You Are What You Read, with Russell McCutcheon (Part 5)

For a new Culture on the Edge series “You Are What You Read” we’re asking each member to answer a series of questions about books—either academic or non-academic—that have been important or influential on us.

5. What’s a book that you love but which isn’t widely read?

Anything by Sara10708056_10102579064556025_1136587271_nh Vowell.

While enjoying her dry wit and occasional sarcasm, what I love so much about Sarah Vowell’s writing is that it is widely accessible yet incredibly well researched, making her the ideal example of what some of us aspire to do (perhaps on a blog such as this even?): reach wide audiences with our scholarship. While not thinking that this is the sole audience, or even a required audience, to reach, for anyone wanting to write for wider audiences than just other scholars or other scholars-in-the-making (regardless what level they are in school), Vowell’s books present the model for how to do this. She strikes me as a poster-child for the relevance of the Humanities, in fact—a much discussed topic these days—for her 1993 B.A. from Montana State University in Modern Languages and Literature and her M.A., earned at The School of the Chicago Art Institute in 1996, in Art History are both in areas that, at least according to some, have little direct relevance for employability. Yet here she is, a widely selling author (even the voice of the daughter, Violet, in the animated film The Incredibles!) whose engaging books dive deeply into terribly complicated and, at times, controversial historical material—I think back to a sad, funny, troubling, and, ultimately, incredibly engaging story she did in 1998 on her and her twin sister’s summer travels along the Trail of Tears or her 2003 dissection of the tangled history of The Battle Hymn of the Republic, each remarkable pieces of history writing—but doing so in a way that makes the storyteller’s (or, in the case of the latter, the singer’s) own conflicted positioning part of the narrative as well.

So pick up one of her books, and see what you think—you may find them to be far more relevant for scholars and students that you might at first think, either as an example of how to write for wider publics or as an example of the skills that we in the liberal arts daily teach to our students (sometimes without even knowing it).

You Are What You Read, With Steven Ramey (Part 1)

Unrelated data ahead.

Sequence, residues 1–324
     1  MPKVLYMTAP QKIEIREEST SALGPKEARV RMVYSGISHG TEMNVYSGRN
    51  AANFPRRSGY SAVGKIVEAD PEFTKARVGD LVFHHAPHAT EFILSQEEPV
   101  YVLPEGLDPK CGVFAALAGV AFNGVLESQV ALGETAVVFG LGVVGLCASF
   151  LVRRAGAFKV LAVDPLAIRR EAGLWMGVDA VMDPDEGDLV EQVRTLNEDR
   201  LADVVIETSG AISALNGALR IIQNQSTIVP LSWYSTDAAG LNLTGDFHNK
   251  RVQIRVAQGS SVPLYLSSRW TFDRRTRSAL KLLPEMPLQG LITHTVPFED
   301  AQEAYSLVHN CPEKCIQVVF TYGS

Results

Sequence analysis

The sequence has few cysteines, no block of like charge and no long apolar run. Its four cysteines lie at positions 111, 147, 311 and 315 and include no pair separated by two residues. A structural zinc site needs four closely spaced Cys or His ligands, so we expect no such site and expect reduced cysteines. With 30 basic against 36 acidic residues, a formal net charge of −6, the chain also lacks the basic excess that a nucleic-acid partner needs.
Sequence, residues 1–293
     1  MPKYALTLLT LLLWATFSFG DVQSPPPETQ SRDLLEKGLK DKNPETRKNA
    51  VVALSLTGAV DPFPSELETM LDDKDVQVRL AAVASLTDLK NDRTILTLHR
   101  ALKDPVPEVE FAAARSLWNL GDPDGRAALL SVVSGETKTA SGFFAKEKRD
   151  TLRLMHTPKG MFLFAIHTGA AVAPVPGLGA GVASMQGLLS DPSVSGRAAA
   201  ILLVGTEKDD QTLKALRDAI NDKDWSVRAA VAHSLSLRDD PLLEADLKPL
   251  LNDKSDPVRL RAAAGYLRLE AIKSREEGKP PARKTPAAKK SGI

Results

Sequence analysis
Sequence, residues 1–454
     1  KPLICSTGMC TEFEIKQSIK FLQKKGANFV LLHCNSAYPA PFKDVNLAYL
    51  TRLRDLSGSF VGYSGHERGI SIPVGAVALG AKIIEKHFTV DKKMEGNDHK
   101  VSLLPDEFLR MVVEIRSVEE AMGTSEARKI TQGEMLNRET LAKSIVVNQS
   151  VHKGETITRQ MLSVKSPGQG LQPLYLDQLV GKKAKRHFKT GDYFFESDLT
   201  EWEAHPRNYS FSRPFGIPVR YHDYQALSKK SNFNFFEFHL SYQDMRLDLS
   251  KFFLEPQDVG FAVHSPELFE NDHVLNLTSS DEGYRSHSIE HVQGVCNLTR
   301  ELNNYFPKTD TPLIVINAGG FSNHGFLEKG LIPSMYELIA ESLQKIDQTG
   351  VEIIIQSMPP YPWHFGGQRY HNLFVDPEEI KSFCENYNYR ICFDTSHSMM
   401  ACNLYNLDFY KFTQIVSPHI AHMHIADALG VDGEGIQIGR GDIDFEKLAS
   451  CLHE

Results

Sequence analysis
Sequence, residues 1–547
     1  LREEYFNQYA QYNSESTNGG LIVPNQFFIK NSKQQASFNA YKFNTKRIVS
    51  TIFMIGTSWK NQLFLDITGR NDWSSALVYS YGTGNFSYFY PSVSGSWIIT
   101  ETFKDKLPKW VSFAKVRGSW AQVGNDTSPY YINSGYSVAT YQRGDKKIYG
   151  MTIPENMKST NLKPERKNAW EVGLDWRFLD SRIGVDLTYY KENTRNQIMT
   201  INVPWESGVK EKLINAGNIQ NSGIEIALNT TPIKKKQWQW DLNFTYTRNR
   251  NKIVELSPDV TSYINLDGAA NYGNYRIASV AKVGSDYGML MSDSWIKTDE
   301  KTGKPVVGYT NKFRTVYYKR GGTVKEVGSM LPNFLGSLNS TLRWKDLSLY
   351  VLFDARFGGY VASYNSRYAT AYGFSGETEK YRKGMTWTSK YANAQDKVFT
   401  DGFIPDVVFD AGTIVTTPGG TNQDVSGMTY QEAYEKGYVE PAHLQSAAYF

For a new Culture on the Edge series “You Are What You Read” we’re asking each member to answer a series of questions about books — either academic or non-academic — that have been important or influential on us.

41QChDGQ1PL._BO1,204,203,200_1. Name a book you read early on that shaped the trajectory of your career.

My current interest in alternative ways of discussing identifications and labels builds on my early consideration of the tension between the complexity of practices in India and the language of religious studies that assumes clearly bounded religions and religious identification. The book in graduate school that first provided an alternative way to discuss this tension was not a book that directly addressed the issues that interested me. K. N. Chaudhuri’s book Asia Before Europe opened up the possibilities of reconfiguring the ways we talk about the world, as Chaudhuri shifts the paradigm by acknowledging the different choices that people make when they construct historical narratives, even when they do not acknowledge those choices. He writes, “The analysis shows that historical events, structures, or phenomena can be grouped into different classes of time which have different qualitative properties, different ‘frequencies’, and unequal power’.” While such a notion is not unique to Chaudhuri, reading this book that attempts to chart cultural histories in a more complicated fashion awakened me to the possibilities of developing alternative ways of discussing religions that acknowledge the constructive nature of discourse. Continue reading “You Are What You Read, With Steven Ramey (Part 1)”

You Are What You Read, with Craig Martin (Part 2)

For a new Culture on the Edge series “You Are What You Read” we’re asking each member to answer a series of questions about books — either academic or non-academic — that have been important or influential on us.

2. Name one of your favorite theory books.

While I’m tempted to name one of my favorites by Althusser, Derrida, Foucault, Bourdieu, or Butler, I think I’ll go with Durkheim’s The Division of Labor in Society. While Elementary Forms seems to be everyone’s favorite in religious studies, I have a strong preference for Division of Labor. In Division of Labor we see the best and worst of Durkheim all at once: sometimes rigorous and sometimes sloppy in his argumentation, he delivers a devastating blow to methodological individualism, he shows how culture is fundamentally related to society or social structure, but — although he frequently departs from the self-serving views of his contemporaries — he speaks freely of “primitive savages” across the globe and ratifies a certain brand of European ethnocentrism. I love teaching Division of Labor because I get to show students a brilliant mind whose views deserve continual consideration yet not always acceptance. Every lecture turns out to be a love letter of sorts to Durkheim, but with a love that resists romaniticizing him and instead loves him despite his flaws.

Plus, I hate methodological individualism, so there’s that. Continue reading “You Are What You Read, with Craig Martin (Part 2)”